The garçon struggles against the traction from the other fin of the ligne.

“It’s too heavy.” Doubt and fear are close winning, but the père’s voix remains soft and calm.

“Loosen the traîner, just a little. GIve him a bit more ligne but not too much, make him work for it.”

“I can’t.”

“Yes, you can,” There’s no room for doubt in the père’s voix “let go of the winder and use your free main to adjust the traîner.”

“He’s going to break free.” The statement is a plea.

But the fathers voix never waivers. “It’s ok if he breaks free copain, sometimes they do that. But if you don’t try you’ll never know if you could have got him in on your own.”

Slow and uncertain, the garçon takes his main off the winder and twists the dial on top of the moulinet, loosening the traîner. “Just a little bit.” Cautions his père.

He dips the canne and winds in a few pieds of ligne before raising it again. The traîner performs perfectly, letting out just enough ligne to buffer the tension as he raises the canne to it’s peak. With a fluid movement, the poisson is pulled closer to the shore.

“How’s that? Better?”

The garçon nods, intent now on the ligne. “Uh-huh”.

He lowers the canne again, reeling in ligne as he does.

A sourire flashes across his face. “It’s a big one, isn’t it Dad?”.

The père barks a laugh, “I think it is, fils.”

The ligne slices through the eau as the poisson pulls to one côté. The garçon instinctively counters by pulling the canne in the opposite direction.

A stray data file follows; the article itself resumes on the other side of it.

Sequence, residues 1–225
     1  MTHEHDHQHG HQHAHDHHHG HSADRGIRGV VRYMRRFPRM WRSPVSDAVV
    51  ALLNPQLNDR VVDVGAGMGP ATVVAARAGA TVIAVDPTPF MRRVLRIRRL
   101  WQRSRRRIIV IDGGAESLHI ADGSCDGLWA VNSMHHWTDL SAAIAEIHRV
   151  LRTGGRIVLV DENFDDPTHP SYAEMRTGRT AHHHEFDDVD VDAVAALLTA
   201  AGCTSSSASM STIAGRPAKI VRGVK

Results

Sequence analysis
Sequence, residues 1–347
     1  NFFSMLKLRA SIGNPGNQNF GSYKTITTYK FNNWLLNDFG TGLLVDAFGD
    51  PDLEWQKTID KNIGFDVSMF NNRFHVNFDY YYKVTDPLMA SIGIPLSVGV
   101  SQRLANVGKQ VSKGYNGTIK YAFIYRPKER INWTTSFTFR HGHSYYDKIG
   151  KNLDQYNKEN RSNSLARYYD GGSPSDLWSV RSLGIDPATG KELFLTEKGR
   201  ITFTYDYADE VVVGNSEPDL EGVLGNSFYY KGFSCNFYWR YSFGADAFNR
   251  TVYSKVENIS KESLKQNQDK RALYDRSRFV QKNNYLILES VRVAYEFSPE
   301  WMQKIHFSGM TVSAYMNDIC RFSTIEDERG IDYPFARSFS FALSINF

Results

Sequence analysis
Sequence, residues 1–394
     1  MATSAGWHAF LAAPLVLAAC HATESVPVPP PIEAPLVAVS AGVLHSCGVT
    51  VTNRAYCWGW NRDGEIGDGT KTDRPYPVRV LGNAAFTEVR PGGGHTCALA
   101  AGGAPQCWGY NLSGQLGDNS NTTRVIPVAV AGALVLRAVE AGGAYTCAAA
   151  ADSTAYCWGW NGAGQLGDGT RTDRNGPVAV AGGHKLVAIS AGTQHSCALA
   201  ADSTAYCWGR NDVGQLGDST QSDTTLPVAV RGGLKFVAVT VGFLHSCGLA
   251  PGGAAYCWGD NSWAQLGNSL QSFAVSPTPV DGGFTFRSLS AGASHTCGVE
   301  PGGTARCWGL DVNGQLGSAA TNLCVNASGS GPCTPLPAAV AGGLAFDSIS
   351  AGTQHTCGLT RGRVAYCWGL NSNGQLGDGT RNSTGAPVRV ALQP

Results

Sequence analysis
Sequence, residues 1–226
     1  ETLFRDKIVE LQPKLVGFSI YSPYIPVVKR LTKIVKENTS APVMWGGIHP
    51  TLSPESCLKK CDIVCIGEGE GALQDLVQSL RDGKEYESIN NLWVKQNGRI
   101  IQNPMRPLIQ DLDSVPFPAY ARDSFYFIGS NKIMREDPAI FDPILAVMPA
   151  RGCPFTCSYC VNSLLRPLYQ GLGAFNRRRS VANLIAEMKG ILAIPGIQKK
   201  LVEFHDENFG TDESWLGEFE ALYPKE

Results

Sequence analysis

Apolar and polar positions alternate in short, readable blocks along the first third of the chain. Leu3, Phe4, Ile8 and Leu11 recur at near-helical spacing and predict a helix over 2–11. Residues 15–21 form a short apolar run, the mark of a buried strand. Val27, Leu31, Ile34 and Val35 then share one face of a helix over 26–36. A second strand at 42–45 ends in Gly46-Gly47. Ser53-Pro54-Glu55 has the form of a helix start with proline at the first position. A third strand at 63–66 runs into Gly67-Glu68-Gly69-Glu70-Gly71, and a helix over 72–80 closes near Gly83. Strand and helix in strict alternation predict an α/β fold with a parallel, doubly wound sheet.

“You’re doing it, copain! You got this!”

The sourire is now plastered across the garçon‘s face, stretching from ear to ear. The père takes his eyes from the ligne and looks at his fils. He forgets the poisson and loses himself in awe at how much a personne can amour. His fils’s sourire fills his entire monde.

“I think I can see it, papa!”

The père looks back to the ligne. It ends just a few mètres from the shore now. His eyes follow the ligne beneath the surface, and there, pulling against the ligne, the poisson. A flathead at least 40cm long shaking its head from côté to côté.

“I see it!” Exclaims the père. “It’s a flatty,” he pauses for effet “, and it’s huuuuge.”

Each montée and chute of the canne is now confident. No ombre of hésitation or incertitude remains.

“I’ll get the net.” The père rushes to the gear piled up on the sable and retrieves the net. He turns back to see the flathead splash from the shallows onto the wet sable.

A gentle wave perfectly timed crashes on the shore and pushes the poisson further up the sable away from any chance of escape.

He rushes down, digs the net into the sable beneath the poisson, and lifts out from the small vagues.

“I did it. I did it. I caught a poisson.”

“You didn’t just catch a poisson, you caught a huge poisson!”

The garçon holds the canne aloft with one main and raises the other, clenched as a fist in triomphe.

The père cheers, “Yeaaaaah wooooo. You caught poisson!!”